The National Rugby League "has been hit by an exodus of sports doctors," led by Sydney Roosters medico John Orchard, amid a raft of concerns raised during a year in which the code has been turned inside out by the Australian Sports Anti-Doping Authority investigation into alleged doping, according to Chris Barrett of the SYDNEY MORNING HERALD. The long-serving Orchard is set to quit his post at the premiers, "still incensed that personal trainer Sean Carolan was introduced to the club in the pre-season behind his back." At least four other NRL doctors are also resigning, "with some disturbed by the infiltration of sports scientists into clubs" and others also fearing the potential for players to follow in the footsteps of NFL players in the U.S. by suing over past concussions.The departure of Orchard "will be the highest-profile resignation." Newcastle doctors Peter McGeoch and Neil Halpin "are leaving their positions at the Knights, Paul Bloomfield is quitting St. George Illawarra only a year after his move from Manly, and Donald Kuah is exiting Wests Tigers." NRL Chief Medical Officer Ron Muratore "is also understood to be frustrated at being effectively sidelined by the code's administrators during the eight-month ASADA investigation." Kuah and Bloomfield have told Fairfax Media they are resigning for family and personal reasons, while McGeoch is citing a desire to reduce his traveling commitments, having spent 22 years full-time with the Knights. There "is an undertone of serious trepidation among the game's community of sports doctors." Chief among the concerns is the proliferation into clubs of sports scientists "and so-called supplements and nutritional experts outside their control and the treatment dished out to doctors David Givney and Bruce Reid at Cronulla" and Australian Football League side Essendon, respectively (SMH, 10/14).
Leagues and Governing Bodies
Former Int'l Cricket Council legal department head David Becker has accused Board of Control for Cricket in India President N. Srinivasan of working against the interests of the game and using "manipulative tactics" to dominate the ICC, according to the PTI. Becker, "who is currently the legal advisor of Cricket South Africa," has accused the BCCI, especially Srinivasan, of bullying the ICC. Becker: "(The ICC) has become powerless in the face of India's dominance, and are forced to succumb to the manipulative tactics of the BCCI -- Srinivasan in particular -- just to keep their jobs." Becker said that the itinerary for India's disputed tour to South Africa next season -- as released by CSA in July -- "was approved by the ICC board." Becker: "When the ICC allows one of its directors to blatantly disregard an ICC board resolution it becomes more than questionable governance, it becomes improper." But both the ICC and CSA, where Becker is one of several legal advisors, "have dismissed his revelations." The ICC said Becker's statements were "inaccurate and unsubstantiated" (PTI, 10/12). The PTI also reported the three-member committee appointed by the Supreme Court to probe the Indian Premier League spot-fixing scandal will call Chennai Super Kings Team Principal and Srinivasan's son-in-law Gurunath Meiyappan "for questioning during its four-month investigation" (PTI, 10/12).
Int'l Cricket Council CEO David Richardson on Saturday announced that the pathway to the ICC World Test Championship had begun with the revealing of the event brand logo. Richardson explained the concept behind the brand icon, saying, "The ICC World Test Championship logo represents a journey that all the Test playing nations will embark upon over the next four years. It represents the global nature and the epic nature of the event." The ICC WTC icon has been created by Bulletproof, a global agency based out of London and N.Y. The icon is designed to be a moving, physical, three-dimensional form that can adapt and reflect its environment (ICC).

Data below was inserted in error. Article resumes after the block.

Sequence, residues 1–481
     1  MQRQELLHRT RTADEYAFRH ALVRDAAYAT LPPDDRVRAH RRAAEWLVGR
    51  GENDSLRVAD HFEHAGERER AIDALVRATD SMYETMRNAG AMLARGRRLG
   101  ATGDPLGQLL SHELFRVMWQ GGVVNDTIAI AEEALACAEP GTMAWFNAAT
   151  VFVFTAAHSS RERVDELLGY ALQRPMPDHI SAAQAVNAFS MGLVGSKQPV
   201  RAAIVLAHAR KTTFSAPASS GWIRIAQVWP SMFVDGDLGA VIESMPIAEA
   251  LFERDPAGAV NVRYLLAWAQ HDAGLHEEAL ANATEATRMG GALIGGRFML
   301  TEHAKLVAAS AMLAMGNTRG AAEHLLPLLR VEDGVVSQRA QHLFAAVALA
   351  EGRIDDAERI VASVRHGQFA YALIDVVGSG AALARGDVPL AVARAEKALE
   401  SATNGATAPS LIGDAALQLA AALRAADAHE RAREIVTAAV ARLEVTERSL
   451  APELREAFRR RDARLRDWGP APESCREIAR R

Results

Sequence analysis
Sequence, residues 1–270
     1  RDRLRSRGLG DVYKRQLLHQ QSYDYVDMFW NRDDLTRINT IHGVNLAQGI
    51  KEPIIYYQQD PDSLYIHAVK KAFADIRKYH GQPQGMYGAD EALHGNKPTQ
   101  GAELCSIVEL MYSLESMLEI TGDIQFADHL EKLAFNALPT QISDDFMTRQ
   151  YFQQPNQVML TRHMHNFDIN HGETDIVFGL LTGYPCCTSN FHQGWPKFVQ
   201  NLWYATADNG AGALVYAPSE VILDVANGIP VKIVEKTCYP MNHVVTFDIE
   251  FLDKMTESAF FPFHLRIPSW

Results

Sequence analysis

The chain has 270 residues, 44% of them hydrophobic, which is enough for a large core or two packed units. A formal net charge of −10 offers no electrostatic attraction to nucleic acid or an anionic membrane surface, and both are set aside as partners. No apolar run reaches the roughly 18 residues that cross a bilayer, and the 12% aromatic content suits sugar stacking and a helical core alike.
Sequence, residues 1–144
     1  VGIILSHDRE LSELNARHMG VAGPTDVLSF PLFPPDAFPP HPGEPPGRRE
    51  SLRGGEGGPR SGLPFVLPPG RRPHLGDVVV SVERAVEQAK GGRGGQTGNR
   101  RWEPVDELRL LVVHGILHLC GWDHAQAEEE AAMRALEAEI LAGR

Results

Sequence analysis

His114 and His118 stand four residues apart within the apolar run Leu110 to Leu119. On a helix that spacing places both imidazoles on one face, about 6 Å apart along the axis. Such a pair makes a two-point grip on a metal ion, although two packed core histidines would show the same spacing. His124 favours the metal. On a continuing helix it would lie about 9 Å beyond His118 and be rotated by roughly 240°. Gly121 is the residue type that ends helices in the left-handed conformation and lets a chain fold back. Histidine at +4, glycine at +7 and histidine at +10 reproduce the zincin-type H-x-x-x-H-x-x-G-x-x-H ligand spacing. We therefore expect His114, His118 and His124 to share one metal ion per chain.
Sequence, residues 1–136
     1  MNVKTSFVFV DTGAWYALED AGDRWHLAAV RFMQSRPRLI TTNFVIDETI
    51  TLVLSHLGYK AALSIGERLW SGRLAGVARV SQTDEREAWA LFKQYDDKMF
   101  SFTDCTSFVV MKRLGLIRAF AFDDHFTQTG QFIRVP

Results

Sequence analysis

Int'l Cycling Union (UCI) President Brian Cookson "has made a brisk and busy start to his tenure in charge of cycling" by opening talks with the World Anti-Doping Agency over the creation of an independent inquiry into doping within the sport, according to Robin Scott-Elliot of the London INDEPENDENT. Cookson "has taken the first steps to deliver pre-election promises," as well as seeking to repair relations between the UCI and WADA and putting in place regime change within his organization. Cookson has already had discussions with leading WADA figures and "wants to create the inquiry to explore all doping cases and also look into whether the UCI itself was complicit in any cover-ups." Cookson said, "These early days are very important for the UCI. We have embarked on the process of implementing our manifesto commitments so we can re-establish our international federation's reputation and make it the best and most respected in the world." Cookson "has overseen the ousting of two key figures" from former UCI President Pat McQuaid's regime. Former Dir General Christophe Hubsch-mid and former Legal Counsel Phillippe Verbiest "have both left." The president has also set up a new commission to improve women's elite racing, "following on from appointing the Australian Tracey Gaudry as the first female vice-president of the UCI" (INDEPENDENT, 10/12).
Tunisia's tennis federation "ordered the country's top player to withdraw from a match against an Israeli player at a tournament in Uzbekistan." Malek Jaziri "had been scheduled to play Israel's Amir Weintraub on Friday in the quarterfinals of an ATP Challenger tournament in Tashkent." He withdrew before the match "and Weintraub advanced to the semifinals of the lower-tier event" (AP, 10/12). ... Two young archers from Arunachal Pradesh, India "were prevented by authorities from leaving for China with stapled visas on their passports, triggering strong statements by politicians from the State, led by former Bharatiya Janata Party MP Kieren Rejiju" (THE HINDU, 10/11).